Memba 23: the first shots 

March 23, 1991, was the day the first gunshots were fired in Sierra Leone, leading to the 11-year civil war that left thousands of people dead and many more displaced. The war, which quickly gained notoriety for being one of the most brutal in the world, exacerbated the country’s socio-economic problems, as it derailed it from whatever gains it had made in the past. 

In fact, the history of Sierra Leone, as well as any analysis of its prevailing conditions cannot be complete without reference to the country’s civil war that raged on between 1991 and 2002 when it ended through a combination of mediation and military intervention. 

What really happened on March 23, 1991? The dominant narrative is that rebels from the Revolutionary United Front (RUF) invaded Sierra Leone on that day, marking the start of 11 years of carnage and destruction. 

However, Joseph Kailfala, who runs the Centre for Memory and Reparation in Sierra Leone, adds an element to the story which traces it to a dispute between soldiers of the Sierra Leonean army and National Patriotic Front of Liberia (NPFL) rebels. 

According to Kaifala, as the war in Liberia continued in 1991, Sierra Leonean soldiers who were deployed to help secure the country’s borders started buying looted items from rebels across the border. 

“Liberian rebels started selling their loot to Sierra Leonean army officers, who got hooked to the trade because of the profit they made buying cheap goods and selling them at much higher prices in Sierra Leone,” Kaifala told Engage Salone. 

This, according to Kaifala, went on until a Sierra Leonean army Major, Emmanuel Foday took a pick up vehicle a Liberian rebel commander had sent across for sale. Major Foday reportedly refused to either pay for the stolen vehicle or send it back to Mekunagbay, the Liberian commander, he added. 

“Following peaceful attempts to get his money or the vehicle back, Mekunagbay sent a group of soldiers to retrieve the vehicle. They attacked the village, killed  a number of people, including army officers and left.”

A few weeks after the attack, the RUF rebels invaded Sierra Leone from Liberia, Kaifala told Engage Salone. 

After that day in March 1991, Sierra Leoneans knew no peace for 11 years as rebels attacked villages, towns and cities, killing and maiming civilians in their campaign. 

“We [at the Centre of Memory and Reparations] believe that we must not forget where we are coming from and that makes March 23 significant to Sierra Leoneans.”

He said, “it is important for us as a nation to pause on this day every year to commemorate and remember those we lost in the civil war”.

Joseph Kaifala, Principal of the Centre for Memory and Reparation, Sierra Leone. Photo Credit: Ronnie Larry Tucker/Engage Salone.
Joseph Kaifala, Principal of the Centre for Memory and Reparation, Sierra Leone. Photo Credit: Ronnie Larry Tucker/Engage Salone.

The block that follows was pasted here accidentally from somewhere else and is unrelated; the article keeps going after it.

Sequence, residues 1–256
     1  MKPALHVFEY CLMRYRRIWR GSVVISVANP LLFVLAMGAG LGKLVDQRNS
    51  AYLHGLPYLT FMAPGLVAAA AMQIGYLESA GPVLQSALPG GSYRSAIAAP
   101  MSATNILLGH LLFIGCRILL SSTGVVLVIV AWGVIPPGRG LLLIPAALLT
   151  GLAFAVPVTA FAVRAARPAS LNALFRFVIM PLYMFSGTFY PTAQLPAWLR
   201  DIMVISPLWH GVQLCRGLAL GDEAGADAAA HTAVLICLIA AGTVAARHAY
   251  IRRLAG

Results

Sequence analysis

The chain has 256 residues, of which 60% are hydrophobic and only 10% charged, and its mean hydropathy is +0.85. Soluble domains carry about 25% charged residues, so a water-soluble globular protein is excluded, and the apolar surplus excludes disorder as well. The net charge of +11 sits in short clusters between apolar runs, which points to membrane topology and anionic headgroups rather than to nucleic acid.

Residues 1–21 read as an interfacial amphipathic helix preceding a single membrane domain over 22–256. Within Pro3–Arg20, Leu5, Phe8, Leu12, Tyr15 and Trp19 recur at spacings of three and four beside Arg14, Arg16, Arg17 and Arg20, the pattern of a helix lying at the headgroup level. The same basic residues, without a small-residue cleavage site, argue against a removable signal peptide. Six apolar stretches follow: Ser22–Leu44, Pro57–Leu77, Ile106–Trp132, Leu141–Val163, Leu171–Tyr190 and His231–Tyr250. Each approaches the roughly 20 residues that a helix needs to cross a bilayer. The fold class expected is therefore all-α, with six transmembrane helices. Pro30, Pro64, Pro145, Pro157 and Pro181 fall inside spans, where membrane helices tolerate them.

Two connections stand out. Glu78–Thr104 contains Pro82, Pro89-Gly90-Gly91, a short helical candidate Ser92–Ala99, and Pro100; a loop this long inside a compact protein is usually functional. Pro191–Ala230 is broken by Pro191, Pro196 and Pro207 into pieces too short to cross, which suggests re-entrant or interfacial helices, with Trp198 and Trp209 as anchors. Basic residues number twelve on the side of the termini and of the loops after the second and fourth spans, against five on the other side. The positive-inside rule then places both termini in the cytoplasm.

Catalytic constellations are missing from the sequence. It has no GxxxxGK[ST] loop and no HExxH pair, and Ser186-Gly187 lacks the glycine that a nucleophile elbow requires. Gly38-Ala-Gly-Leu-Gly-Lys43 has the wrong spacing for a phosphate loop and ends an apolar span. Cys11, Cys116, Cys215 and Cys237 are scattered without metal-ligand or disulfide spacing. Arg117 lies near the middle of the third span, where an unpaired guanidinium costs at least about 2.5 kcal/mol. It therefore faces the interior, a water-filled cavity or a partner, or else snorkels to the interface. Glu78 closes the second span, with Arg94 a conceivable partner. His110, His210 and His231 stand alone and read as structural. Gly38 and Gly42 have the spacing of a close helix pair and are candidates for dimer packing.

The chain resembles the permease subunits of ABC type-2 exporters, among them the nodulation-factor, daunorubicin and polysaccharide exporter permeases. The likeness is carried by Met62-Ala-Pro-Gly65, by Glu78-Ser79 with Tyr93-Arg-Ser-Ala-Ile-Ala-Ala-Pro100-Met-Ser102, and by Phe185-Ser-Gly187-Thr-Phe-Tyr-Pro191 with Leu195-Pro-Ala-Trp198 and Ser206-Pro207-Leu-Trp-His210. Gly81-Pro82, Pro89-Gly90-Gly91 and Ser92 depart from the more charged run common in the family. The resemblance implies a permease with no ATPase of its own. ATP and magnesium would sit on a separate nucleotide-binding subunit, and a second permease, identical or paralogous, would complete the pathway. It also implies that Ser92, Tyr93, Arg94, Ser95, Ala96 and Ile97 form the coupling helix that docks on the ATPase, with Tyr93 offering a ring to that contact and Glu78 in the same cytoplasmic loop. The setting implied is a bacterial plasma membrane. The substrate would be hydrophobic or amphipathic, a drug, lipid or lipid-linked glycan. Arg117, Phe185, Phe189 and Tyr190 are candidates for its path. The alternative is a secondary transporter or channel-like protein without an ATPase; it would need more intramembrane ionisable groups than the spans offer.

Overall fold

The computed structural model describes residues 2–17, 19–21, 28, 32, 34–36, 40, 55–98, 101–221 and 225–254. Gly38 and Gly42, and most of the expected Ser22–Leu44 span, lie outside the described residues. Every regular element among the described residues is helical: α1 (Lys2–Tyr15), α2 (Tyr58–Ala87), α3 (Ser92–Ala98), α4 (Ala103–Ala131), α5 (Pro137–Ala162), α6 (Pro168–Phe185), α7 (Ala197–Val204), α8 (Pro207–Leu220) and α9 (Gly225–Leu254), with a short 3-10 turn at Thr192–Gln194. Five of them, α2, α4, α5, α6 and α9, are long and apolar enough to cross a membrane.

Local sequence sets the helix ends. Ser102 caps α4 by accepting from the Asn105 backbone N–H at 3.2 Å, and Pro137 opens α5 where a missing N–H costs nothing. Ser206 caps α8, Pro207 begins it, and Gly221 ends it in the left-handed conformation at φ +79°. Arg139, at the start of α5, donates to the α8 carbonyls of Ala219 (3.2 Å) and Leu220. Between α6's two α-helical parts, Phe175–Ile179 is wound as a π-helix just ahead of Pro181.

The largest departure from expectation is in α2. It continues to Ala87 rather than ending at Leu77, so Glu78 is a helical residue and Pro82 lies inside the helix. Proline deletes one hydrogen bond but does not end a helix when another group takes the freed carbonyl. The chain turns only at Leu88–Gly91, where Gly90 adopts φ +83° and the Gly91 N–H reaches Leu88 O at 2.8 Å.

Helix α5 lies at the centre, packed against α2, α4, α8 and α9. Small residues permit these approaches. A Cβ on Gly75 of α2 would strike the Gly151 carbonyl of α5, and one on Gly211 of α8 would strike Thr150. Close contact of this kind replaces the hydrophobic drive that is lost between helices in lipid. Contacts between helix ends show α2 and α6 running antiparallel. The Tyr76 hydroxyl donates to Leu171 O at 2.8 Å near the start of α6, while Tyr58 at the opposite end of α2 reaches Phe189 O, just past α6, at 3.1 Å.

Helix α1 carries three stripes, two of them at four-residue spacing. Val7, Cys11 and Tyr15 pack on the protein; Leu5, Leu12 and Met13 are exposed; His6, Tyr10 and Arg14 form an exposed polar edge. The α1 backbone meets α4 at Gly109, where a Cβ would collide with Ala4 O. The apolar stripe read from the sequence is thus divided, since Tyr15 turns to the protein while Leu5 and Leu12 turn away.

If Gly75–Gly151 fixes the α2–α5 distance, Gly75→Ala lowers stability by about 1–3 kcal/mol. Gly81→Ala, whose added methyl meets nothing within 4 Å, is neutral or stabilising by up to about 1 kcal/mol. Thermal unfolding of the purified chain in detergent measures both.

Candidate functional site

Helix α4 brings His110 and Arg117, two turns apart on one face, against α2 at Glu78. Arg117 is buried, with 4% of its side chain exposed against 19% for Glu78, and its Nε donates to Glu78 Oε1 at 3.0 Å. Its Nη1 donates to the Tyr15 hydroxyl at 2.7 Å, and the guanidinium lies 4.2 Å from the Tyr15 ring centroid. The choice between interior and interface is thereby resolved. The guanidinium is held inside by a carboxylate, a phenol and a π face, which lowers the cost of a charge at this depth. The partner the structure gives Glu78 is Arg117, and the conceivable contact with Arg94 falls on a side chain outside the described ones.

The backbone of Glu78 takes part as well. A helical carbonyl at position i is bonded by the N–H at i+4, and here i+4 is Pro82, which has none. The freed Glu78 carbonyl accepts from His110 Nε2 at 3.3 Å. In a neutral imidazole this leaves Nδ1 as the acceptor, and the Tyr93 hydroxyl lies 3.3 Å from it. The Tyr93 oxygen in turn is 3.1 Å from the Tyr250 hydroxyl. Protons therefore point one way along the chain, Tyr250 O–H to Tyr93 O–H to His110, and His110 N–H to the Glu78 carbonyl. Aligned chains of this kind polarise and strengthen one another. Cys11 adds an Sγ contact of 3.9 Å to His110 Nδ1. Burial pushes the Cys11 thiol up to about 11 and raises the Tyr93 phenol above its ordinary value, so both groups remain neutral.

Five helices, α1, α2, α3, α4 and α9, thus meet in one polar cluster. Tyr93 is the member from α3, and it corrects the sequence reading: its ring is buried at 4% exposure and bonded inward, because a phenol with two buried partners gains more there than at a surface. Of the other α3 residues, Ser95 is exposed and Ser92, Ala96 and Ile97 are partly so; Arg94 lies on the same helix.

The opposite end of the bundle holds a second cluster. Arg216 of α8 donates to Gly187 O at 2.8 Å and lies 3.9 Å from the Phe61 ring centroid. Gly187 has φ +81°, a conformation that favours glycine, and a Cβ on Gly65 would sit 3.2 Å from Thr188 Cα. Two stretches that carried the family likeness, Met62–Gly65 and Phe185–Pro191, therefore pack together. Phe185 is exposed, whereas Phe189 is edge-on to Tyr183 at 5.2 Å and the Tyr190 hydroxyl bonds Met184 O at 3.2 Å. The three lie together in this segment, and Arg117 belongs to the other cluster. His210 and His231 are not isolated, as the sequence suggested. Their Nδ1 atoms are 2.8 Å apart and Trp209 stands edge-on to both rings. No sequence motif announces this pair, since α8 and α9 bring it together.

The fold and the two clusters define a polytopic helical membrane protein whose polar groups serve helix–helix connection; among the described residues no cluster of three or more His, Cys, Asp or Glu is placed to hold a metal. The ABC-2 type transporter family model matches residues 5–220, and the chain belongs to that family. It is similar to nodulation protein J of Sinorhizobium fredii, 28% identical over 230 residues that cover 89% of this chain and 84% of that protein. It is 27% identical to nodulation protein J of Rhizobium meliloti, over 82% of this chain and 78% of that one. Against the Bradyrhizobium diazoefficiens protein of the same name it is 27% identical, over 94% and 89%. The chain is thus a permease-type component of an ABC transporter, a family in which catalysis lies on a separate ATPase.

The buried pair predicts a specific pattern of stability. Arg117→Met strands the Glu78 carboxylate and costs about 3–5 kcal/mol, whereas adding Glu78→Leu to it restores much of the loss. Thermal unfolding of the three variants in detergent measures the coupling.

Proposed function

Kaifala added that memorialising the war would create an opportunity for discussing the consequences of the conflict and charting a path to build a better Sierra Leone. 

That is why, he says, the organisation he runs has established a civil war memorial in Lungi, Northwestern Sierra Leone, where they have constructed a “tomb of the unknown civilian” and a “flame of peace”–two features that he believes helps to remind Sierra Leoneans of their past.

“This tomb represents all the unknown civilians who were buried in more than 100 mass graves around the country.”

“The tomb was constructed using soil from some of Sierra Leone’s many mass graves around the country to create a symbolic burial site for all those who were buried in mass graves,” he said when a team from Engage Salone visited the memorial in Lungi. 

Kaifala has also been travelling Sierra Leone with his team, identifying and preserving mass graves, an activity that makes him fondly refer to their organisations as “tomb builders”.

“We also want to make those mass graves sites of conscience,” he said. 

As he sat down at the memorial’s palm wine corner, which he says is also a classroom for teaching young people about climate change and conservation, Kaifala reflected on what happened during the country’s war and noted that Sierra Leoneans “should do everything in our power so that we can never return to the sort of violence that we saw”.

“Till date, there are people in our communities who are still suffering from the trauma of the violence they saw during the war,” he said, adding that enough has not been done to help people heal.  

After the war ended, a truth and reconciliation commission was established to investigate what happened. The Commission’s report includes a whole chapter on reparations, as well as other recommendations that Kaifala says have not been fully implemented. 

The country’s reparations programme has also been criticised by victims of the war and rights groups for failing to act on the recommendations of the truth and reconciliation commission.  The programme enjoyed the support of the international community and donors in the early stages, but it seems to have been forgotten now. Education, pensions, and free healthcare, among other benefits, remain a pipedream for the many survivors struggling to meet these needs every day.  

The Centre for Memory and Reparation’s Joseph Kaifala suggests that a dedicated committee must be set up to work on fully implementing the truth commission.